There are a few points to be made about this story, and I honestly don't know how I feel about any of them.
Anyway, it seems that a young man got pissed and slagged off a Guard. Did he do so because of a deep and abiding mistrust of authority? It seems not. Apparently, it was because the poor Guard happened to be from Mayo. It further seems that aforementioned Guard, with admirable loyalty to his home county, took umbrage with these remarks, and so it is that we hear in the court record about being told to "Fuck off back to Mayo". This is fairly unambiguous. Less so is the epithet "Mayo wanker". Are all people from Mayo wankers? Does this particular member of An Garda Síochána stand out by being one of the few wankers from Mayo? We may never know. Those of us in the Capital have only Enda Kenny to serve as a basis for judgement, and I doubt that's fair on the rest of the county. The ginger tosser.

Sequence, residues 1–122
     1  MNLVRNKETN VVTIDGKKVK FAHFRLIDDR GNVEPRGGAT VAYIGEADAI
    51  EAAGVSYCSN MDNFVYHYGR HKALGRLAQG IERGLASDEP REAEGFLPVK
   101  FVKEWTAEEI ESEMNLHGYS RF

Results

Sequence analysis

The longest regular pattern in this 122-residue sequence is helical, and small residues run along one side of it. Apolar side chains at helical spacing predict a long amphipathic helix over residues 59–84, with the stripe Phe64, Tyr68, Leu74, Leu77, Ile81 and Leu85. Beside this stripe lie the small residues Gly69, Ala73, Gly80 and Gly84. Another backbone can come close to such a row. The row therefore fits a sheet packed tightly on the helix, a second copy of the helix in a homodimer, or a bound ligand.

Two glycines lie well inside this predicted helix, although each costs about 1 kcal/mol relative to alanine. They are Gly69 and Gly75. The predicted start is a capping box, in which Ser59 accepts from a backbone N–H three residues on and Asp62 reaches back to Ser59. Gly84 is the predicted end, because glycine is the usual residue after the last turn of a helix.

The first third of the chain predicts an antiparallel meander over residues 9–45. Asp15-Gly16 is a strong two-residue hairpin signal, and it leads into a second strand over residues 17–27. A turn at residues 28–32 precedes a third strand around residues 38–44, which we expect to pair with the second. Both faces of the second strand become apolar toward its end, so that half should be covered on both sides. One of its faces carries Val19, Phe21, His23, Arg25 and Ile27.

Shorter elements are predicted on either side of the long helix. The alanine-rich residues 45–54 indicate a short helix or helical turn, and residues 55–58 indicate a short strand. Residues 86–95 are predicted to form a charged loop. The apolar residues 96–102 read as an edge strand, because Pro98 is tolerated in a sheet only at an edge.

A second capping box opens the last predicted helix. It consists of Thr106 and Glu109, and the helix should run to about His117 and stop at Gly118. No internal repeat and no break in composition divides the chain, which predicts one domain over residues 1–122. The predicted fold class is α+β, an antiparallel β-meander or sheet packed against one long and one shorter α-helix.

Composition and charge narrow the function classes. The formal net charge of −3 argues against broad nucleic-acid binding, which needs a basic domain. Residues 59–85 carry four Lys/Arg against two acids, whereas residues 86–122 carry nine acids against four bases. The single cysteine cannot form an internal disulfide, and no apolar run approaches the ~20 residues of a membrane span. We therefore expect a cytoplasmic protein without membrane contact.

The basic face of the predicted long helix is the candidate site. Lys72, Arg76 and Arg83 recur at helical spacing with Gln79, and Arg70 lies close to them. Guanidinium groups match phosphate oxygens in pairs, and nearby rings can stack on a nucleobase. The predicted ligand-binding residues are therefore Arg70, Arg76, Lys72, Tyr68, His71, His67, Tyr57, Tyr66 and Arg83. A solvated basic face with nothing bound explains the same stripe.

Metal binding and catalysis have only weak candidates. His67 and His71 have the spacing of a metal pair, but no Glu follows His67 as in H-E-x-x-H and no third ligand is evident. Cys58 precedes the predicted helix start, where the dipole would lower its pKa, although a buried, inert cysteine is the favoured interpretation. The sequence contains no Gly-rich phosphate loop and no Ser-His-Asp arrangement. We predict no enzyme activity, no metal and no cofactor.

More fascinating than the onanistic habits of our Mayo brethren, though, is the sentence. Being told to climb Croagh Patrick and say a few prayers? Really? In the twenty-first fucking century?
However, it's not necessarily a bad thing. This guy got drunk and told a guard to fuck off; hardly the stuff criminals are made of and prison, or even a fine, would've been over the top. If he can get away with a walk up a mountain, then all is well. Let us not forget, though, that during pilgrimage season there are ample opportunities for "where is your god now" comments as myriad holy joes (and josephines) are injured in the ascent every year.
And he has to say a few prayers, too. This is the dubious bit. You'd really think the judge would know better. Fortunately, he doesn't seem to have specify the recipient of these prayers. Should our friend bring a camcorder to the top of the hill and film himself imploring Satan to smite his enemies, then mission accomplished. I personally would prefer a prayer to Thor, entreating him to save us all from Thanos. But that's just me.
I suspect that in the days to come the Irish Times will be replete with letters from angry, bolshy atheists, and equal numbers from those who say "ah, sure, what's the harm?". Both sides will have a point, which should make it really interesting.